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Tatuaje Reserva SW Short

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While I couldn’t tell you exactly when it happened, Tatuaje’s portfolio got so big that I pretty much gave up any attempt to keep track of it in my head. Between all the brands that were being launched and all the sizes within said brands, it became a nearly futile exercise for someone to commit to memory.

One of the ways that Pete Johnson has grown his portfolio is not just through the release of new blends, such as the Reserva Broadleaf Collection, but through new sizes. The Monster Series begot Skinny, Short, and Pudgy Monsters, and in the case of the Reserva SW, it was the basis for the Reserva SW Short, which debuted in May at Fujioka’s Wine Times in Honolulu, Hawaii.

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The Reserva SW Short uses the same blend as the original SW, with an Ecuadorian habano rosado claro wrapper over a Nicaraguan binder and filler. It also keeps the same 47 ring gauge that is the standard thickness for a Churchill vitola, but knocks off 2 1/4 inches, shrinking the original’s 7 inches in length down to 4 3/4 inches.

Additionally, while it’s an ongoing offering, production will be limited, according to Pete Johnson, so expect to see it on shelves only as production capacity at the El Rey de los Habano factory allows.

  • Cigar Reviewed: Tatuaje Reserva SW Short
  • Country of Origin: USA
  • Factory: El Rey de los Habanos
  • Wrapper: Ecuador (Habano Rosado Claro)
  • Binder: Nicaragua
  • Filler: Nicaragua
  • Length: 4 3/4 Inches
  • Ring Gauge: 47
  • Vitola: Short Churchill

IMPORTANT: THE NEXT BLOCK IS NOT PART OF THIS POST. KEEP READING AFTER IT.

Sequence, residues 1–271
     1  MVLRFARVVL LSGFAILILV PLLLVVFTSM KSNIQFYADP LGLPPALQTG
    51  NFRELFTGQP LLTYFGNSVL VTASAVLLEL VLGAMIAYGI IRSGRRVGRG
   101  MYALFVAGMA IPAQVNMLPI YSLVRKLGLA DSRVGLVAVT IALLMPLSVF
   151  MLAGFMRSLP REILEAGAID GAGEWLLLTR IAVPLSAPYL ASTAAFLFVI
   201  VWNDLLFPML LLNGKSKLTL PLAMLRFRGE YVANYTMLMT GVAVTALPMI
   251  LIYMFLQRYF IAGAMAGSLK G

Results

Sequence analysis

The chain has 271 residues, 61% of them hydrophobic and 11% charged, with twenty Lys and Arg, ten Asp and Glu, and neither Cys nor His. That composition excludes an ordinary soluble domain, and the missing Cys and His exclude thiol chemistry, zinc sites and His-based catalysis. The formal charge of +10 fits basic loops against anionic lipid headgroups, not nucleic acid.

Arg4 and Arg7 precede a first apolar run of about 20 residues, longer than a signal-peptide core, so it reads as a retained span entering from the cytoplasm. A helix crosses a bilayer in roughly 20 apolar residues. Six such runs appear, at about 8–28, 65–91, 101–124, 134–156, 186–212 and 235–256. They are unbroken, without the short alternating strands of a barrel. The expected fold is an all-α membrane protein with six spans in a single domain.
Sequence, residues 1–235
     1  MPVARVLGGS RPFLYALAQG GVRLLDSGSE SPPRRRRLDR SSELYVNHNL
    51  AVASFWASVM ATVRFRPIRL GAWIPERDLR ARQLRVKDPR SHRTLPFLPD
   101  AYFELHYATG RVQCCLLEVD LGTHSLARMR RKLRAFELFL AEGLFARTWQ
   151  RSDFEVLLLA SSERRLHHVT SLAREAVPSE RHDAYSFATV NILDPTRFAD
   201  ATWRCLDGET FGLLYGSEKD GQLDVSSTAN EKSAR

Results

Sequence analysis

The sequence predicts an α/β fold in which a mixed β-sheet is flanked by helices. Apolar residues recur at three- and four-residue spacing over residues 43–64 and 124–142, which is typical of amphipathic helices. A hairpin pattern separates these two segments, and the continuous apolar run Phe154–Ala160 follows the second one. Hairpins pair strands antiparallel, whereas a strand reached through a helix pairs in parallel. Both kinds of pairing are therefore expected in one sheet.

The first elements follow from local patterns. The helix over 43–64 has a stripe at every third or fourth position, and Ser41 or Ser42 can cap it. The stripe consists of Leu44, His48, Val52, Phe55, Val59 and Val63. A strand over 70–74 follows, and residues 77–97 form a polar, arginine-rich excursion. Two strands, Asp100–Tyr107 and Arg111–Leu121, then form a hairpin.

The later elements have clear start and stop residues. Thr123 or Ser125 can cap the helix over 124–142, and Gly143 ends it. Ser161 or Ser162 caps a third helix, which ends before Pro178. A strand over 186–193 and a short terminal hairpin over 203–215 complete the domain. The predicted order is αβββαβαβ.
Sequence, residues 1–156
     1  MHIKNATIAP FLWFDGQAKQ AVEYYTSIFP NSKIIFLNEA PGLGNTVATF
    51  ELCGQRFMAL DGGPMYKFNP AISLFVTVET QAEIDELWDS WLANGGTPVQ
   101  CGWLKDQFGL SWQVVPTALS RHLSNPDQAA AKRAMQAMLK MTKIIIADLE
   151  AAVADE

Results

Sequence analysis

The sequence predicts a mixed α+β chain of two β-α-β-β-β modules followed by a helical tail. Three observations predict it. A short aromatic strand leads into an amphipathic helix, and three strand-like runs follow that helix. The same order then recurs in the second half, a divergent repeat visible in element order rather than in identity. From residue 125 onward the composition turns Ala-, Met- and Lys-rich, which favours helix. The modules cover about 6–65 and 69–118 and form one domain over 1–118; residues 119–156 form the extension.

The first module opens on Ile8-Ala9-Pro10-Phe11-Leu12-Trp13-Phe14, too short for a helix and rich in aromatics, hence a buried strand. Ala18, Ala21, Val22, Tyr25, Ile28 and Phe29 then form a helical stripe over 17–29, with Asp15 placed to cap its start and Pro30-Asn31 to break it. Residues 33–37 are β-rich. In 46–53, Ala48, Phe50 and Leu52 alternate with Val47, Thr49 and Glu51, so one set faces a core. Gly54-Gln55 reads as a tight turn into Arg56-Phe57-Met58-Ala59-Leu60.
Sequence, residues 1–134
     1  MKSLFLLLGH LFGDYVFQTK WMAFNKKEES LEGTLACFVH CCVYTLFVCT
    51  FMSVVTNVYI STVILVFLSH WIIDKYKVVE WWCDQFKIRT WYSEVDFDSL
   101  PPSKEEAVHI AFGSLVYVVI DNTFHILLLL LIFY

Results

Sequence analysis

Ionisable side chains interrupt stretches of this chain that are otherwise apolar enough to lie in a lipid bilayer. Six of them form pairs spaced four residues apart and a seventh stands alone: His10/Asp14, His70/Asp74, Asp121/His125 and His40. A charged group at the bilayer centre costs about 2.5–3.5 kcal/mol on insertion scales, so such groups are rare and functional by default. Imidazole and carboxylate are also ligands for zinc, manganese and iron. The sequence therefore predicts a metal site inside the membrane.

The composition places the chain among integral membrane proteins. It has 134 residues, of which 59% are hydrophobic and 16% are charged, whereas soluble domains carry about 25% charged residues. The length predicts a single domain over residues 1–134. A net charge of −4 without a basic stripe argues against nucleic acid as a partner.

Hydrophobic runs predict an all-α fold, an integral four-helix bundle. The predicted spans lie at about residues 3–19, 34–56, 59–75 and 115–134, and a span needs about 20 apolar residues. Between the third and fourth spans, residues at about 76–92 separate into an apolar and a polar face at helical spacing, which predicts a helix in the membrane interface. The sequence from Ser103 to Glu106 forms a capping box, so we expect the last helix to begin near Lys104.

• MSRP: $12 (Boxes of 25 $300)
  • Release Date: May 11, 2018
  • Number of Cigars Released: Regular Production
  • Number of Cigars Smoked For Review: 3

The wrapper seems to be on the lighter side of the spectrum for what I expect from a Tatuaje brown label, though that is simply my memory talking. One sample has an interesting mottling on it, with dark spots clustered together like a leopard’s spots. Otherwise, it’s a fairly uniform color with small veins, the occasional water spot and a smooth, slightly oily texture in the fingers. The roll generates flat, nearly invisible seams and while each sample has a bit of give, they are all generally on the firm side. The foot offers almost no aroma whatsoever on the first sample, other than just a bit of sweet dough. The second is more vibrant with more of the dough and a bit of apricot and dried mango, while the third has some mild fruit sweetness along with the first touches of pepper. The cold draw is just a bit firm and almost equally as nondescript, though I do pick up a bit of Cheerios-like cereal grain and a bit of wheat on the first sample, with a more fruit-leaning flavor in the second and third.

The opening puffs of the Tatuaje Reserva SW Short deliver a middle-of-the-spectrum profile in terms of body and strength, with flavors of mixed nuts, some black pepper and dry pretzel the first things that stand out across all three, while the third adds a dry, woody flavor as well. The cigar toys with those notes for the bulk of the first third, occasionally varying the intensity but never adding or removing any of the specific components. There’s some building of the pepper through the first inch, though it’s far from overpowering or even dominant in the profile, which sits at medium to medium-plus for flavor intensity and medium for strength. The draw and burn have both been quite good through the first inch and a half.

Once the first clump of ash needs to come off, the Tatuaje Reserva SW Short is just about to reach its second third and with it comes a good bit more pepper through the nose. The palate gets a bit more as well, but it still seems fairly limited, even before a head-to-head comparison to the retrohale. The profile is a touch more smoky and woody as well, with the second sample contributing an interesting doughiness that seems a bit out of place given the rest of the profile. The third sample gets a bit of condensed milk creaminess, which I find quite enjoyable and helpful to maintain balance and develop complexity. Puffs just past the midpoint get the addition of a bit of metallic earthiness, which colors the flavor, but it doesn’t hang around overly long. The technical performance remains very solid as it becomes time to take the bands off of the cigar.